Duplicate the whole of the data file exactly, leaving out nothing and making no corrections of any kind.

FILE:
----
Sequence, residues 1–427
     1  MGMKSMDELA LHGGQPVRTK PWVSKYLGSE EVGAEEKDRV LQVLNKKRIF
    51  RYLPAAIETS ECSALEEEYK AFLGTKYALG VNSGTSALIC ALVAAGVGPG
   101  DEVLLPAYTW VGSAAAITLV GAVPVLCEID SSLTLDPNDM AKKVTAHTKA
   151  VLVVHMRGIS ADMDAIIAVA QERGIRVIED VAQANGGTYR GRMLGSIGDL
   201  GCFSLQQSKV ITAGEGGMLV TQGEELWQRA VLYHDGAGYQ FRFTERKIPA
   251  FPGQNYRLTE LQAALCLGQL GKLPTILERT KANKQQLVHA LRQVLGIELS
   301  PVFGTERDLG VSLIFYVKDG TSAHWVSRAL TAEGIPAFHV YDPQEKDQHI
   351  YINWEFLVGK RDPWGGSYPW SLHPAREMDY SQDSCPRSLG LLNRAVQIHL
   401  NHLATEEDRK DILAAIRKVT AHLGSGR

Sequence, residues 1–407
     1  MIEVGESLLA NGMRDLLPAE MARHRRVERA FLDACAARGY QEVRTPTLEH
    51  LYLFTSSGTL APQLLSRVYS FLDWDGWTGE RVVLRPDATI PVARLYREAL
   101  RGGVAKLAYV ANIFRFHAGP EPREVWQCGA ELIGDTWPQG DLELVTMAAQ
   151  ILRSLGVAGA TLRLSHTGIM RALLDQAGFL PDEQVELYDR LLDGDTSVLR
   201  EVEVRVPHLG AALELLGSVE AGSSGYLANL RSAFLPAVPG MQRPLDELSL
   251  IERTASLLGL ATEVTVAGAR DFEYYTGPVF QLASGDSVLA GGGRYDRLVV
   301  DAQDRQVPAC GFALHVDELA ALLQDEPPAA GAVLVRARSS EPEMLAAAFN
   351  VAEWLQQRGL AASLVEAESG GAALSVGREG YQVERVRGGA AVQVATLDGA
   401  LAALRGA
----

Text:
Sequence, residues 1–427
     1  MGMKSMDELA LHGGQPVRTK PWVSKYLGSE EVGAEEKDRV LQVLNKKRIF
    51  RYLPAAIETS ECSALEEEYK AFLGTKYALG VNSGTSALIC ALVAAGVGPG
   101  DEVLLPAYTW VGSAAAITLV GAVPVLCEID SSLTLDPNDM AKKVTAHTKA
   151  VLVVHMRGIS ADMDAIIAVA QERGIRVIED VAQANGGTYR GRMLGSIGDL
   201  GCFSLQQSKV ITAGEGGMLV TQGEELWQRA VLYHDGAGYQ FRFTERKIPA
   251  FPGQNYRLTE LQAALCLGQL GKLPTILERT KANKQQLVHA LRQVLGIELS
   301  PVFGTERDLG VSLIFYVKDG TSAHWVSRAL TAEGIPAFHV YDPQEKDQHI
   351  YINWEFLVGK RDPWGGSYPW SLHPAREMDY SQDSCPRSLG LLNRAVQIHL
   401  NHLATEEDRK DILAAIRKVT AHLGSGR

Sequence, residues 1–407
     1  MIEVGESLLA NGMRDLLPAE MARHRRVERA FLDACAARGY QEVRTPTLEH
    51  LYLFTSSGTL APQLLSRVYS FLDWDGWTGE RVVLRPDATI PVARLYREAL
   101  RGGVAKLAYV ANIFRFHAGP EPREVWQCGA ELIGDTWPQG DLELVTMAAQ
   151  ILRSLGVAGA TLRLSHTGIM RALLDQAGFL PDEQVELYDR LLDGDTSVLR
   201  EVEVRVPHLG AALELLGSVE AGSSGYLANL RSAFLPAVPG MQRPLDELSL
   251  IERTASLLGL ATEVTVAGAR DFEYYTGPVF QLASGDSVLA GGGRYDRLVV
   301  DAQDRQVPAC GFALHVDELA ALLQDEPPAA GAVLVRARSS EPEMLAAAFN
   351  VAEWLQQRGL AASLVEAESG GAALSVGREG YQVERVRGGA AVQVATLDGA
   401  LAALRGA